Anything is a legitimate area of investigation.
Artificial desires are despoiling the earth.
At times inactivity is preferable to mindless functioning.
At times your unconsciousness is truer than your conscious mind.
Automation is deadly.
Awful punishment awaits really bad people.
Bad intentions can yield good results.
Being alone with yourself is increasingly unpopular.
Being happy is more important than anything else.
Being judgmental is a sign of life.
Being sure of yourself means you’re a fool.
Believing in rebirth is the same as admitting defeat.
Boredom makes you do crazy things.
Calm is more conductive to creativity than is anxiety.
Categorizing fear is calming.
Change is valuable when the oppressed become tyrants.
Chasing the new is dangerous to society.
Children are the most cruel of all.
Children are the hope of the future.
Class action is a nice idea with no substance.
Class structure is as artificial as plastic.
Confusing yourself is a way to stay honest.
Crime against property is relatively unimportant.
Decadence can be an end in itself.
Decency is a relative thing.
Dependence can be a meal ticket.
Description is more important than metaphor.
Deviants are sacrificed to increase group solidarity.
Disgust is the appropriate response to most situations.
Disorganization is a kind of anesthesia.
Don’t place to much trust in experts.
Drama often obscures the real issues.
Dreaming while awake is a frightening contradiction.
Dying and coming back gives you considerable perspective.
Dying should be as easy as falling off a log.
Eating too much is criminal.
Elaboration is a form of pollution.
Emotional responses ar as valuable as intellectual responses.
Enjoy yourself because you can’t change anything anyway.
Ensure that your life stays in flux.
Even your family can betray you.
Every achievement requires a sacrifice.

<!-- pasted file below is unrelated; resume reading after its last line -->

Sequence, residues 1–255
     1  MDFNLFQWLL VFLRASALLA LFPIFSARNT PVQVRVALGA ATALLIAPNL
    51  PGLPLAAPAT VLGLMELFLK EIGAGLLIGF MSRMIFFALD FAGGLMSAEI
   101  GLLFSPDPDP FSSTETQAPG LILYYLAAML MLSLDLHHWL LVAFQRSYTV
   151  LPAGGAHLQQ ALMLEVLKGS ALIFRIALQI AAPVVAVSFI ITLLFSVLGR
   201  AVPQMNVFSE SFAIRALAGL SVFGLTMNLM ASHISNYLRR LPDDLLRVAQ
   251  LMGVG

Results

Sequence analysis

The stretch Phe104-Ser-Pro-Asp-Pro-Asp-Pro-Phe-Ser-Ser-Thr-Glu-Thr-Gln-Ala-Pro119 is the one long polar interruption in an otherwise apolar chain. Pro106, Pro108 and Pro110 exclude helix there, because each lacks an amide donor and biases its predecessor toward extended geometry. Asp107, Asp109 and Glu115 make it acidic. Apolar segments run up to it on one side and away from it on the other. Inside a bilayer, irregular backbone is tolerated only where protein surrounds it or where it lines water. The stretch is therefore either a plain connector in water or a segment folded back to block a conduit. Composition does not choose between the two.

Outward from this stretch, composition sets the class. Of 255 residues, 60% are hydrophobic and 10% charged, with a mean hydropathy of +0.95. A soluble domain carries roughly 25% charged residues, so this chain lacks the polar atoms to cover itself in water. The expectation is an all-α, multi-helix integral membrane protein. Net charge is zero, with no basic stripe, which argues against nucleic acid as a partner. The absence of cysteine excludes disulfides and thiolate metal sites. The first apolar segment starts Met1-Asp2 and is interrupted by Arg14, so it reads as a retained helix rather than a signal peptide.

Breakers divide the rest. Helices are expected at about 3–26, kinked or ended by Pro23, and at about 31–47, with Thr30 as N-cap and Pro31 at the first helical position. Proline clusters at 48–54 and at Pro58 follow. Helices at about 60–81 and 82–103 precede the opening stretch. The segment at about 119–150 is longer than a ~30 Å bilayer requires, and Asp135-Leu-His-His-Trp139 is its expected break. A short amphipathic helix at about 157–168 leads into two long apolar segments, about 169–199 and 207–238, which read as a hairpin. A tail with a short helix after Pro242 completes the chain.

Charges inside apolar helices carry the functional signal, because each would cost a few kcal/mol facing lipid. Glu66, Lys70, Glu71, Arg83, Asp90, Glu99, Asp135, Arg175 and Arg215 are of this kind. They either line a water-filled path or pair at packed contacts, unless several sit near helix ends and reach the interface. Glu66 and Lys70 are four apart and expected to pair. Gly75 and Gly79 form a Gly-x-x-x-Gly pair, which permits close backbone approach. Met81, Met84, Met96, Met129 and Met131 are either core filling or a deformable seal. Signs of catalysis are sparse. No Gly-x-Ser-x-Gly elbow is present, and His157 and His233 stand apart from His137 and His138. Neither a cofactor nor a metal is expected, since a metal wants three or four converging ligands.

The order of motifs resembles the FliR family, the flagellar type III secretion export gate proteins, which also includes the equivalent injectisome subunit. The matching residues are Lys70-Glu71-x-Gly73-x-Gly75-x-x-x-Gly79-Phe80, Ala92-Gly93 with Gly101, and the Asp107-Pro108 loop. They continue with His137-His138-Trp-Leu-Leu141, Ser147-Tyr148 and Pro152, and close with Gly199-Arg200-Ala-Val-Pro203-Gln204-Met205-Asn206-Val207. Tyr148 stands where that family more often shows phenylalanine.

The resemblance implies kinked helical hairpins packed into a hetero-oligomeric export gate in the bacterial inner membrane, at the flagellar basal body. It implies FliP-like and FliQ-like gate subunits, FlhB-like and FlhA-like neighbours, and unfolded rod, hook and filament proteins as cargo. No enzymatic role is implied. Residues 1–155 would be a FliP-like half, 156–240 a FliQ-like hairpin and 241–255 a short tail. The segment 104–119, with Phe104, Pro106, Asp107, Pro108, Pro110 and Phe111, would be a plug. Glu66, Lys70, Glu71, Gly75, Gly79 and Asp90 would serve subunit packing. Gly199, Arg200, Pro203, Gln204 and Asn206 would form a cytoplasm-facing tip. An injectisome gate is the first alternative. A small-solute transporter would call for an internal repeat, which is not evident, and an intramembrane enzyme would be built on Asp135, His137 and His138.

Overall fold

Everyone’s work is equally important.
Everything that’s interesting is new.
Exceptional people deserve special concessions.
Expiring for love is beautiful but stupid.
Expressing anger is necessary.
Extreme behavior has its basis in pathological psychology.
Extreme self-consciousness leads to perversion.
Faithfulness is a social not a biological law.
Fake or real indifference is a powerful personal weapon.
Fathers often use too much force.
Fear is the greatest incapacitator.
Freedom is a luxury not a necessity.
Giving free rein to your emotions is an honest way to live.
Go all out in romance and let the chips fall where they may.
Going with the flow is soothing but risky.
Good deeds eventually are rewarded.
Government is a burden on the people.
Grass roots agitation is the only hope.
Guilt and self-laceration are indulgences.
Habitual contempt doesn’t reflect a finer sensibility.
Hiding your emotions is despicable.
Holding back protects your vital energies.
Humanism is obsolete.
Humor is a release.
Ideals are replaced by conventional goals at a certain age.
If you aren’t political your personal life should be exemplary.
If you can’t leave your mark give up.
If you have many desires your life will be interesting.
If you live simply there is nothing to worry about.
Ignoring enemies is the best way to fight.
Illness is a state of mind.
Imposing order is man’s vocation for chaos is hell.
In some instances it’s better to die than to continue.
Inheritance must be abolished.
It can be helpful to keep going no matter what.
It is heroic to try to stop time.
It is man’s fate to outsmart himself.
It is a gift to the world not to have babies.
It’s better to be a good person than a famous person.
It’s better to be lonely than to be with inferior people.
It’s better to be naive than jaded.
It’s better to study the living fact than to analyze history.
It’s crucial to have an active fantasy life.
It’s good to give extra money to charity.
It’s important to stay clean on all levels.
It’s just an accident that your parents are your parents.
It’s not good to hold too many absolutes.
It’s not good to operate on credit.
It’s vital to live in harmony with nature.
Just believing something can make it happen.
Keep something in reserve for emergencies.
Killing is unavoidable but nothing to be proud of.
Knowing yourself lets you understand others.
Knowledge should be advanced at all costs.
Labor is a life-destroying activity.
Lack of charisma can be fatal.
Leisure time is a gigantic smoke screen.
Listen when your body talks.
Looking back is the first sign of aging and decay.
Loving animals is a substitute activity.
Low expectations are good protection.
Manual labor can be refreshing and wholesome.
Men are not monogamous by nature.
Moderation kills the spirit.
Money creates taste.
Monomania is a prerequisite of success.
Morals are for little people.
Most people are not fit to rule themselves.
Mostly you should mind your own business.
Mothers shouldn’t make too many sacrifices.
Much was decided before you were born.
Murder has its sexual side.
Myth can make reality more intelligible.
Noise can be hostile.
Nothing upsets the balance of good and evil.
Occasionally principles are more valuable than people.
Offer very little information about yourself.
Often you should act like you are sexless.
Old friends are better left in the past.
Opacity is an irresistible challenge.
Pain can be a very positive thing.